I usually explain this by simulating, and then defusing, the mis-understanding using a simple table. You can set up any of the three cases of the problem, as they are obviously all the same, I'll use [1:Goat] [2:Goat] [3:Car] here:
My choice Monty Shows Reward for Stick Reward for Switch
1 (goat) 2 (goat) 0 1
2 (goat) 1 (goat) 0 1
3 (car) 1 (goat) 1 0
3 (car) 2 (goat) 1 0
Point out to the student that that in the case where I chose 3, Monty can open either door number 1 or number 2, but in the other case, he has only one choice. However, so far all that we've done is to replicate the confusion because if you count up the stick vs switch rewards, it's 50/50 (2/2).
The student will be, like, "See!" (and this is, indeed, the confusion that even many mathematicians who wrote into MVS's original column had!)
But let's look at the probabilities of each row. Recall that the total has to be 1. In the first column, start by assigning 1/3rd to each row. But that's not right, because it adds to 4/3rds. Okay, maybe 1/4 each? But that makes no sense because where does the 4 come from; there are only 3 doors!? The only obvious remaining assignment is 1/3rd, 1/3rd, and then there's 1/3rd that the personal will choose the car -- that works out, so obviously we need to split this, so it's 1/6th for each of the last two rows.
Aha! So there's an actual traceable imbalance in the rewards! Each of the +1 for switching rewards has 1/3rd, so you get 2/3rds for switching, but the +1s for sticking together only add up to 1/3rd (1/6th each)!
There are two advantages to this approach. First, the table is obvious (more obvious to most people than a tree). Second, you start by replicating the learner's understanding, then point out the mis-understanding, and lead them, using the same representation, to understanding. I find that I generally don't have to go father than pointing out the 1/6th for the latter two rows, and they figure it out themselves.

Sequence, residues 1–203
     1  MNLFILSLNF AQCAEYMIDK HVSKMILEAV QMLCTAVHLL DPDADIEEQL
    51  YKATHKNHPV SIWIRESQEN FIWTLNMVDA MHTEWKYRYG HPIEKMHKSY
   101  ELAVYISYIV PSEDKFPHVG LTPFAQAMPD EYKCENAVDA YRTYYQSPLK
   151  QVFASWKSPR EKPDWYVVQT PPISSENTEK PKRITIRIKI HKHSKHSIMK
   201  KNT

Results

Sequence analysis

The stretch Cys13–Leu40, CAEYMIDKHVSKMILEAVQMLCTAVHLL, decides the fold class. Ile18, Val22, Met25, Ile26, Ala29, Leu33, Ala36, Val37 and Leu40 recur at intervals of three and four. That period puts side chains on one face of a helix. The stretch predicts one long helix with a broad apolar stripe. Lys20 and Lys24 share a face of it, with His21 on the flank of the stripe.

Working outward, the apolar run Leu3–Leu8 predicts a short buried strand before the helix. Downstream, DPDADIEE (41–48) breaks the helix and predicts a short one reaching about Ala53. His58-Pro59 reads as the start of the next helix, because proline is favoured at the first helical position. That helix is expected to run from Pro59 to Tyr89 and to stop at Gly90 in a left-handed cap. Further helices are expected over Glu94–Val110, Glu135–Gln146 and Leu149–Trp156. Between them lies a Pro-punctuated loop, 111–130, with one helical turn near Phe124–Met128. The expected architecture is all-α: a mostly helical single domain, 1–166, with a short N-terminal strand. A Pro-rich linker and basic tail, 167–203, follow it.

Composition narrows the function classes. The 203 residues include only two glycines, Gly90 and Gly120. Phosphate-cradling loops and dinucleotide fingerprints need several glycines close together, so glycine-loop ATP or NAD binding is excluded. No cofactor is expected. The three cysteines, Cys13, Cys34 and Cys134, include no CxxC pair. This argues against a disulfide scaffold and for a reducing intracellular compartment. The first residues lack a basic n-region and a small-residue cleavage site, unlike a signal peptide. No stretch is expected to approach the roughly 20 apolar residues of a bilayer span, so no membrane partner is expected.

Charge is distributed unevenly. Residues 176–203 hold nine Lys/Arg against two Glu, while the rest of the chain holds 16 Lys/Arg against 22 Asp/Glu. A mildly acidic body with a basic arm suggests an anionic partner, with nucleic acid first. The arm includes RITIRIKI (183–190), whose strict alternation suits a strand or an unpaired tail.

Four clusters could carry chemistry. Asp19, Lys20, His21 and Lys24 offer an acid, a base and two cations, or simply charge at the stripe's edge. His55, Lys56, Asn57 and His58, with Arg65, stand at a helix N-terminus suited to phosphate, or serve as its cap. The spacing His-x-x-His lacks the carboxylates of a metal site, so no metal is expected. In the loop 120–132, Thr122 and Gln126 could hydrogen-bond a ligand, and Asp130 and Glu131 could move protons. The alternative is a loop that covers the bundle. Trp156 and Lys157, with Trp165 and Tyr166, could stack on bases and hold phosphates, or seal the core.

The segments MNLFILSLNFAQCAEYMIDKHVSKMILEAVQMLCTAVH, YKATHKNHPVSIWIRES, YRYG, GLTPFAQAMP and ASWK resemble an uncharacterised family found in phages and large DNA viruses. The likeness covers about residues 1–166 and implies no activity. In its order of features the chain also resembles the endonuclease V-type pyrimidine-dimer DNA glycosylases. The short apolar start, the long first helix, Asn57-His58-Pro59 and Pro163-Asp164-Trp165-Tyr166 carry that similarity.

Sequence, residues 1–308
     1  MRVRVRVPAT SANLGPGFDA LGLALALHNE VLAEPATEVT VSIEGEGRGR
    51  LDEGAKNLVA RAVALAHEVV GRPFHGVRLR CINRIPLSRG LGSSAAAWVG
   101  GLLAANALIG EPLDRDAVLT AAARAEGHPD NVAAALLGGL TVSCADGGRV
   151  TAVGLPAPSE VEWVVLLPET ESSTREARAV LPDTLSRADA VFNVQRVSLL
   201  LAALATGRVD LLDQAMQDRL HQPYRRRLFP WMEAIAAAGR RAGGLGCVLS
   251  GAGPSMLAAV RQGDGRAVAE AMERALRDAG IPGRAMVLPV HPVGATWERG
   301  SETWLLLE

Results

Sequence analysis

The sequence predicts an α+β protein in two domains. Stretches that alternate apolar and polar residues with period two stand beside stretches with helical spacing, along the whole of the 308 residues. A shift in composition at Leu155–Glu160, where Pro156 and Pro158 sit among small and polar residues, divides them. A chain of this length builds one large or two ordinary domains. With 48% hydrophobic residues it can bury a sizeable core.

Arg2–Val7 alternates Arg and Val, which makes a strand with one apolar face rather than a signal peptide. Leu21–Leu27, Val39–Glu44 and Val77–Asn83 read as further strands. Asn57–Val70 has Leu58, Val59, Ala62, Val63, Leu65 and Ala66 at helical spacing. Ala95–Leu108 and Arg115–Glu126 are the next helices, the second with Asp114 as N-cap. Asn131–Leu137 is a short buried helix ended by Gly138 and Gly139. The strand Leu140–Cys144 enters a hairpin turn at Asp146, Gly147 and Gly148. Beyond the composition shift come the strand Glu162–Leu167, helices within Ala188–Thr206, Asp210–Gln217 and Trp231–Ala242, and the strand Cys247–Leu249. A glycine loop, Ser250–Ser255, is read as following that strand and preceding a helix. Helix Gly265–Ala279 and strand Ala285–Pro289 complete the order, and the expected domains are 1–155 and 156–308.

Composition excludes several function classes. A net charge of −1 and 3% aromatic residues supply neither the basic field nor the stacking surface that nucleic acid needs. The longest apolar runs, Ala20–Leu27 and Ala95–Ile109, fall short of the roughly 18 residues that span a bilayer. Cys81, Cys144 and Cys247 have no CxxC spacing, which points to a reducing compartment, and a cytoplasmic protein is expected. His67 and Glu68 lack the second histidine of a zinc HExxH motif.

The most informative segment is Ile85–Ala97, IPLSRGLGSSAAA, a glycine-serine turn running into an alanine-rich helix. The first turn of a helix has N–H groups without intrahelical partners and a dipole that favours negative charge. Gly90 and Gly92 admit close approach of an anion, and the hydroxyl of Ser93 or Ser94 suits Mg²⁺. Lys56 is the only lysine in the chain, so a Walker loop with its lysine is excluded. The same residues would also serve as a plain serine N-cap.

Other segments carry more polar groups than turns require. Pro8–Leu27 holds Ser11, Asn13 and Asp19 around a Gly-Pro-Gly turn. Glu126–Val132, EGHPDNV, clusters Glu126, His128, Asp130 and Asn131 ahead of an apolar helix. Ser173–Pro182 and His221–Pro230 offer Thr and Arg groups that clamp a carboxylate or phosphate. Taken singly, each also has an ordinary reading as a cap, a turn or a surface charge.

(I want to make a comment about another common approach to explaining this, which I actually think is not a great way to do it. Specifically,, sometimes explainers will say something like: imagine that there were 100 boxes, 99 with goats, and when you choose one, Monty reveals 98 of them. There's several reasons why, although correct, isn't a great way to explain the problem. The main issue is that it doesn't map uniquely to the 3-door case; it's not clear, when Monty is revealing the 98 other goats, that he couldn't, at that point, have just revealed them of them, or one-at-a-time, which is an equally natural analog to the 3-door case, and is very confusing because you'd have to mentally run the simulation backwards to the 3-door case before being able to answer! That is, although the explanation is correct, it's not obvious that the correct analog of the 3-door case is to reveal 98, as opposed to 1, wrong doors.)